After directing the very provocative and highly successful feature documentaries My Kid Could Paint That and The Tillman Story, as well as serving as a co-producer on the Oscar-nominated Trouble the Water, the very talented Amir Bar-Lev found himself being recruited for and hired on to helm an interesting new doc called Re:Generation Music Project, which I highly recommend to anyone who enjoys music of any kind.
This film, which follows five separate pairings of DJs (Premier, Skrillex, Pretty Lights, Mark Ronson and The Crystal Method) with traditional music genres (classical, rock, country, jazz and soul) for mash-ups featuring the likes of The Doors, LeAnn Rimes, Erykah Badu and Martha Reeves, is in theaters nationwide only tonight and February 23 (it will also screen at the SXSW Film Festival in Austin next month).
I talked briefly with Bar-Lev about the experience of being brought on as a director-for-hire, what it was like to shoot these amazing collaborations and how he crafted such an enjoyable feature film that shows absolutely no sign of having been a sponsored effort under the partnership of a car company and the Grammys.
Check out our conversation below:
This is a different kind of documentary in more ways than one. How were you brought on to this project, and what’s it like to be hired for a film as opposed to coming up with the idea yourself?
It’s quite a different experience being hired rather than being part of a documentary project at the inception. I like to flex different filmmaking muscles, and I think it’s a very worthwhile challenge learning to listen to other people’s ideas and figuring out how you can manifest or express them. The filmmaker/editor relationship is such a fruitful and dynamic relationship, and I thought about that relationship a lot as I was directing this film. There’s a sweet spot where you’re bringing a lot of different ideas to the table and not attaching yourself necessarily too much to any one and being very receptive to what the mandate for the project is. And in this case the mandate was a complex one. They wanted it to function as a feature documentary. It’s also a marketing tool. And therefore it had to check a lot of different boxes. I found it a really useful challenge trying to check those boxes.
What drew you to the idea behind the film besides that challenge?
It just so happens that I have been really interested in doing a project around DJs for an extraordinarily long time. I’m a big hip hop fan and turntablism fan and I came up with an idea for a TV show right around when Iron Chef was popular. I decribed it as “Iron Chef for DJs.” It was a pretty demoralizing experience where the network that picked it up changed its name and its mandate after we were under way with the pilot, and then they systematically bleached the show of anything I was interested in. The DJ world has always been full of cred-minded, authenticity-minded people and I spent a lot of time letting people know I was trying to do something non-exploitative and cool. And I had to go back to all these DJs I roped in and say we needed more scantily clad women and less hardcore hip hop and things like that. I had Mixmaster Mike interested in the host role and they wanted to replace him with a scantily clad female host.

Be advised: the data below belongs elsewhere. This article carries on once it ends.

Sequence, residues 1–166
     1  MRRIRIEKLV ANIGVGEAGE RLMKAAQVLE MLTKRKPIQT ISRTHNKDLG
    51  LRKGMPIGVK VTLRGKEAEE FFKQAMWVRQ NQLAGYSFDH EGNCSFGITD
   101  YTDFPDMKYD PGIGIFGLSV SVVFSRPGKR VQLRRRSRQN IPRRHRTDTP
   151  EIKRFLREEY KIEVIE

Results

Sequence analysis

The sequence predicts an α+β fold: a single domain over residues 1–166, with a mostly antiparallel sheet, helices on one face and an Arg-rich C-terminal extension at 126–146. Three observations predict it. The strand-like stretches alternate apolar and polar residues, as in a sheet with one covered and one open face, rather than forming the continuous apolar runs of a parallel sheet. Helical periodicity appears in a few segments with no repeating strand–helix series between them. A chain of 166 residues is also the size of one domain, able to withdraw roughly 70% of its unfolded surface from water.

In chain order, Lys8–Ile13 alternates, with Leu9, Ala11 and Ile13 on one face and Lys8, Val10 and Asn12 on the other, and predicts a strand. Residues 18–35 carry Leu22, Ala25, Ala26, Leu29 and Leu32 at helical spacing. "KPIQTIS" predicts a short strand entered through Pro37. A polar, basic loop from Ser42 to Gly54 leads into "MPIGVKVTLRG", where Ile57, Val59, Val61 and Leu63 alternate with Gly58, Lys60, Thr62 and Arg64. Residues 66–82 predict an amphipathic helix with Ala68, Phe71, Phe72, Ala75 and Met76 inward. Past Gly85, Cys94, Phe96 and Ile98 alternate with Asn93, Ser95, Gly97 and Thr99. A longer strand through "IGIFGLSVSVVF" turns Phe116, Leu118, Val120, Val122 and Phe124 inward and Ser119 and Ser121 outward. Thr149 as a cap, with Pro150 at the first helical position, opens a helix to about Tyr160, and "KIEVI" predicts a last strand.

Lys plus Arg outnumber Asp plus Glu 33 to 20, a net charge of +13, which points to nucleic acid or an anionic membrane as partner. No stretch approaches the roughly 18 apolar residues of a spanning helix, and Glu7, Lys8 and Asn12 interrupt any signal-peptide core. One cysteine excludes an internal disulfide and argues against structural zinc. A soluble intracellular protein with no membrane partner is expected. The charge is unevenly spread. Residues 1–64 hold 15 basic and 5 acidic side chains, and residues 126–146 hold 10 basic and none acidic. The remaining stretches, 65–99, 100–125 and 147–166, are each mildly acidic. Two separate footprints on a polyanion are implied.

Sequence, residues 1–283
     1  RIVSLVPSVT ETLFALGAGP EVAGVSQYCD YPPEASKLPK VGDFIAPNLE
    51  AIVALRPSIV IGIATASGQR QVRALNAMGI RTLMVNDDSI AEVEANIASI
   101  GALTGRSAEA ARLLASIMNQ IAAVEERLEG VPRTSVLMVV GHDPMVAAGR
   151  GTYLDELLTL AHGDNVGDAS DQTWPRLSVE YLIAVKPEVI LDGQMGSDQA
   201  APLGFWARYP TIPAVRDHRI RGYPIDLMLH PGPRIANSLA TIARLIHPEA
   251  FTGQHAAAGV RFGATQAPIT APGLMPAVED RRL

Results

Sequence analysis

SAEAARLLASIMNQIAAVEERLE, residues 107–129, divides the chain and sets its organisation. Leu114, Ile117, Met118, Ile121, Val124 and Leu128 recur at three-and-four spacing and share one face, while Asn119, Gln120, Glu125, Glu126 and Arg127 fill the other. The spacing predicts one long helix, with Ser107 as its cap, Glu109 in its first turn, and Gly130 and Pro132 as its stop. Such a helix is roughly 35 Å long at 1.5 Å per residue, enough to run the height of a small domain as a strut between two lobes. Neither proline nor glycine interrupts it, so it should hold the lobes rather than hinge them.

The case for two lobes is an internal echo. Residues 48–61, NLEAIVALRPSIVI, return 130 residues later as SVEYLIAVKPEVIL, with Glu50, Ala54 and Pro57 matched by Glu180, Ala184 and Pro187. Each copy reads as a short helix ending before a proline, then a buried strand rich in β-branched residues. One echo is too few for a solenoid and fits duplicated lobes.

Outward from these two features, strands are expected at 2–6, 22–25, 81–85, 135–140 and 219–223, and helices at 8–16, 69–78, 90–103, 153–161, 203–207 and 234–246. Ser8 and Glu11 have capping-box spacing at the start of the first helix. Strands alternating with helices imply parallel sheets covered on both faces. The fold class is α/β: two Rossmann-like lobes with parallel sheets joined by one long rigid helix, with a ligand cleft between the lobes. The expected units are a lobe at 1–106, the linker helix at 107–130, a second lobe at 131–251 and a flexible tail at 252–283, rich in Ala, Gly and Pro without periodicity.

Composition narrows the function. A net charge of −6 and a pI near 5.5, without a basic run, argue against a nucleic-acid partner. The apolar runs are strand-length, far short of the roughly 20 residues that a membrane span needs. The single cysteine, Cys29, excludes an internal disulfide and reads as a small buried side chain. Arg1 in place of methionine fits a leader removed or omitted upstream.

So it was that kind of thing. They ended up developing it into the dirt and I put it to bed and thought, well so much for that idea. It was many years ago. And then I watched as the whole remix DJ thing really took off after the fact. Suddenly Sprite had their “remix cola” and Madonna had several versions of some hit out. So the idea was — not to too my own horn, but we were ahead of the curve with this. Now we wouldn’t be with a show like that. Anyhow, when they came to me with the idea my first reaction was, “oh great, I finally get to do my DJ project.” Albeit in a different form, but yeah.
One of the things I love about the film is how it brings together clashing cultures and artists who don’t really know each other or their music styles. Were you familiar with most of the subjects or were you like them and experiencing the same kind of excitement or awkwardness with certain collaborations?
I can tell you that I’m more familiar and comfortable with a lot of the so-called “traditional” music in the film than I am with the electronic music. Each of these stories involves a DJ working with a collaborator or in a preexisting non-electronic genre, and I happen to be a huge soul fan, a huge country fan. And I’m pretty familiar with classical music, New Orleans music. In fact, the only DJ that I was more than passingly familiar with was Premier. I’m almost 40 and I’m not so up on the latest things that DJs are doing. So when you talk about the moments of tension, I found myself seeing both sides of the argument in some of those moments. And perhaps that informs the way that they come across in the film. I definitely am a believer in the way music is constantly evolving. I’m not a purest.